Moving on to other themes in his work doesn't mean that Paul Dalio has given up on talking about mental health. He hopes his openness will encourage others in the entertainment industry to come out, because the media has a huge effect on social environments and how mental illness is viewed. "I think if any of us were afraid to be the first to dip our toe in the water, all of this would remain in the dark, and no one would want to work with someone bipolar in Hollywood, no one would want to come out about it, and everyone would have the worst assumptions about it, more movies would be made that convey it in a really alienating way, and the stigma would go on and on."
When asked if he is worried that his candour will have a negative impact on his career, he voices his concern that Hollywood is still full of stigma and that there is a real risk he may not get certain jobs because people are worried he'll "go off the rails". The benefits of speaking out in public about bipolar, however, far outweigh the potential downside. Dalio feels a strong responsibility, even an obligation, to combat stigma and try to instigate change, especially when people come up to him on the street and tell him how much his work means to them.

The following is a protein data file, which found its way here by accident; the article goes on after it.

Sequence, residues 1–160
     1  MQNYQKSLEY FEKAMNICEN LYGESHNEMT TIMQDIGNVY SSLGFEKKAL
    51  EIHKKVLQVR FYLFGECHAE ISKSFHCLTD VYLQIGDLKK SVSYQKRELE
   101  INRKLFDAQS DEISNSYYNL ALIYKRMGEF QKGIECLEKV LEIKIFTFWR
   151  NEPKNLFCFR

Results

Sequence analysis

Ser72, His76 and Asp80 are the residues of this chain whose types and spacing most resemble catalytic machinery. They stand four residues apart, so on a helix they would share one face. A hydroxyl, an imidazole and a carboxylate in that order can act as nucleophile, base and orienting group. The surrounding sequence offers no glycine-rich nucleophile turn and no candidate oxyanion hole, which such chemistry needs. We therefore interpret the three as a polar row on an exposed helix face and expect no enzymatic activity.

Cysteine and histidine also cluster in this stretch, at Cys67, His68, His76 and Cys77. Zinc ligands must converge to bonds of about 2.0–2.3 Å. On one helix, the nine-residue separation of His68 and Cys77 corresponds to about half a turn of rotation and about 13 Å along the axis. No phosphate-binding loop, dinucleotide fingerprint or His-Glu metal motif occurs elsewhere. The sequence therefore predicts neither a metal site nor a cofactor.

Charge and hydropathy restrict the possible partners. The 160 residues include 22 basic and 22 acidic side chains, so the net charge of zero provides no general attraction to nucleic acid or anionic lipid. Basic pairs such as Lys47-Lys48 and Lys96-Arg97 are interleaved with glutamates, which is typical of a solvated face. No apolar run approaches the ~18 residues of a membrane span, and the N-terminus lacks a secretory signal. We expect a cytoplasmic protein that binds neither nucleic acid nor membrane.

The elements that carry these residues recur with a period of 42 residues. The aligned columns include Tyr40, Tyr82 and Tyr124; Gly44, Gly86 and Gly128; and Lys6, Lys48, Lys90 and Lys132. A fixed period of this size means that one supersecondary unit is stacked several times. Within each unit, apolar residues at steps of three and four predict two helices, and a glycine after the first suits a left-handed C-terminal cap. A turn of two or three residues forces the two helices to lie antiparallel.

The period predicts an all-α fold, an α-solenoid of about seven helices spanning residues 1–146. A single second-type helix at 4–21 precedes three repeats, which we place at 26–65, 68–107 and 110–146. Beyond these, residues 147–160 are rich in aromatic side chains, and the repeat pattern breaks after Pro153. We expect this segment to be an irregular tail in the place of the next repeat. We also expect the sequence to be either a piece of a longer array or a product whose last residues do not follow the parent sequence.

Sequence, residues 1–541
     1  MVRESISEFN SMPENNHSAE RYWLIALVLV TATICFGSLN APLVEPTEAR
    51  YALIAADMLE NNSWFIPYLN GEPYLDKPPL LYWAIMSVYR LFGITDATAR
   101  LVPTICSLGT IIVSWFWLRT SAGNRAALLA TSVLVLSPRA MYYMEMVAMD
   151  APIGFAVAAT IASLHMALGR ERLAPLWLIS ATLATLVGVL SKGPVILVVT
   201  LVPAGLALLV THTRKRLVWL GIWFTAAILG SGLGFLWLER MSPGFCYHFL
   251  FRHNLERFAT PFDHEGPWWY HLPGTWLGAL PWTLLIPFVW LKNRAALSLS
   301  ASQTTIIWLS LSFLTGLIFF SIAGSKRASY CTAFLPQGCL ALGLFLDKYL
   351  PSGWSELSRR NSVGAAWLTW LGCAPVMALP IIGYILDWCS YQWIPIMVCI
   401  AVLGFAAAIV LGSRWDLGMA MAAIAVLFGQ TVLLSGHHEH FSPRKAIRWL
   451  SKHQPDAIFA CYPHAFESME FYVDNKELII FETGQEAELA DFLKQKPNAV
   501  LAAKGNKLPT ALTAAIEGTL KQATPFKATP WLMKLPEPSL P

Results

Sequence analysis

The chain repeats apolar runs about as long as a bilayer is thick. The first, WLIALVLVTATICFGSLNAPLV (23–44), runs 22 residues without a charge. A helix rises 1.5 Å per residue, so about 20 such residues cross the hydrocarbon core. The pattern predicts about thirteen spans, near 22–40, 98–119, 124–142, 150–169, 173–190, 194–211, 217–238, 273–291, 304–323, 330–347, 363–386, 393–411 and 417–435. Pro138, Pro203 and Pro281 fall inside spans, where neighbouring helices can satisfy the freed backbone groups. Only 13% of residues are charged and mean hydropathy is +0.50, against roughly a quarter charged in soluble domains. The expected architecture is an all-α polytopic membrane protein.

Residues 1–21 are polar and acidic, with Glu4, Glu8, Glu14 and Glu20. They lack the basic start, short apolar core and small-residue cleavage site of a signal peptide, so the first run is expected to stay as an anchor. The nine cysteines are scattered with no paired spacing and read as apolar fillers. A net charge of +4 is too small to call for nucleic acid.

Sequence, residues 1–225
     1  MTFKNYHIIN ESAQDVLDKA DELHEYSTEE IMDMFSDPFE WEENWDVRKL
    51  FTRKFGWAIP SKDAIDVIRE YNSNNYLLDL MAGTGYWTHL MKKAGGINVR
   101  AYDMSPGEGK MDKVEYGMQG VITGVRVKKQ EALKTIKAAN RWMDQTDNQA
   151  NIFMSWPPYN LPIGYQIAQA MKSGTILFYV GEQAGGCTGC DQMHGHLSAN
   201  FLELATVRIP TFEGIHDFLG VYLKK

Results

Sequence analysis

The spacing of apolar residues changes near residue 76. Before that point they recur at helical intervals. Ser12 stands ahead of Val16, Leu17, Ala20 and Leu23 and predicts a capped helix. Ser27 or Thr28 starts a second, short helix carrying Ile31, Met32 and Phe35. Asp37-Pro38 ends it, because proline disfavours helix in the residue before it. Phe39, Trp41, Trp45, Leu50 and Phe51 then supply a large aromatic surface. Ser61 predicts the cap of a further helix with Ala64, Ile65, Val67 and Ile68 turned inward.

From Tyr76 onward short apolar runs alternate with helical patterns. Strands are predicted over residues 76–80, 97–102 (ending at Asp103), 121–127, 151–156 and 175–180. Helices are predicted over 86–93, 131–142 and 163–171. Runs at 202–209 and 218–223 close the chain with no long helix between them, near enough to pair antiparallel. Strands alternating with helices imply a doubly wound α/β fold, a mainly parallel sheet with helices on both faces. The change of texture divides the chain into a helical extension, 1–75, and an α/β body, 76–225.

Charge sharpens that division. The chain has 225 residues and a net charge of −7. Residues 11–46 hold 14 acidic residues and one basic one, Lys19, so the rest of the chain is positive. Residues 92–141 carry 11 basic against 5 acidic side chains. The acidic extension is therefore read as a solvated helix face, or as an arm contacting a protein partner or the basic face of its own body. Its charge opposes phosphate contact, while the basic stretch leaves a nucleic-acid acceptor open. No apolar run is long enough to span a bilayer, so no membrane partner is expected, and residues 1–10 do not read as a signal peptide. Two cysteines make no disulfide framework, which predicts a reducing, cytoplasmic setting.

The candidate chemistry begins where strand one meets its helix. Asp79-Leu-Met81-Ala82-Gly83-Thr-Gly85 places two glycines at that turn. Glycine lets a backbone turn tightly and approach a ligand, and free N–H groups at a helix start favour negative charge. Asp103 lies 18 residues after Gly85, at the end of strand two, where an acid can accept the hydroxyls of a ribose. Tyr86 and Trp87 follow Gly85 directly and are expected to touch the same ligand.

"To not be open about it, when I made a film about it, when I’m a living example of it, when I know I could potentially change people’s perceptions about it? I couldn’t do that. I feel like it would be a crime not to help change people’s perceptions. Number one: I’m not ashamed of it; I am genuinely proud of it. Number two: I’ve never been capable of being ashamed of my own DNA and being quiet about it. But the most important thing is that I knew how essential it was to be open about it. We’re at a turning point," he asserts and concludes: "It's been the biggest reward to my life to be open about it. I feel like there was finally something to come out of my life that had a real genuine and important purpose. It feels so fulfilling at the end of a journey that had such torment to find only satisfaction and strong closure with some really positive results."
by Theresa Moerman Ib
Bipolar Scotland will participate in both post-screening discussions.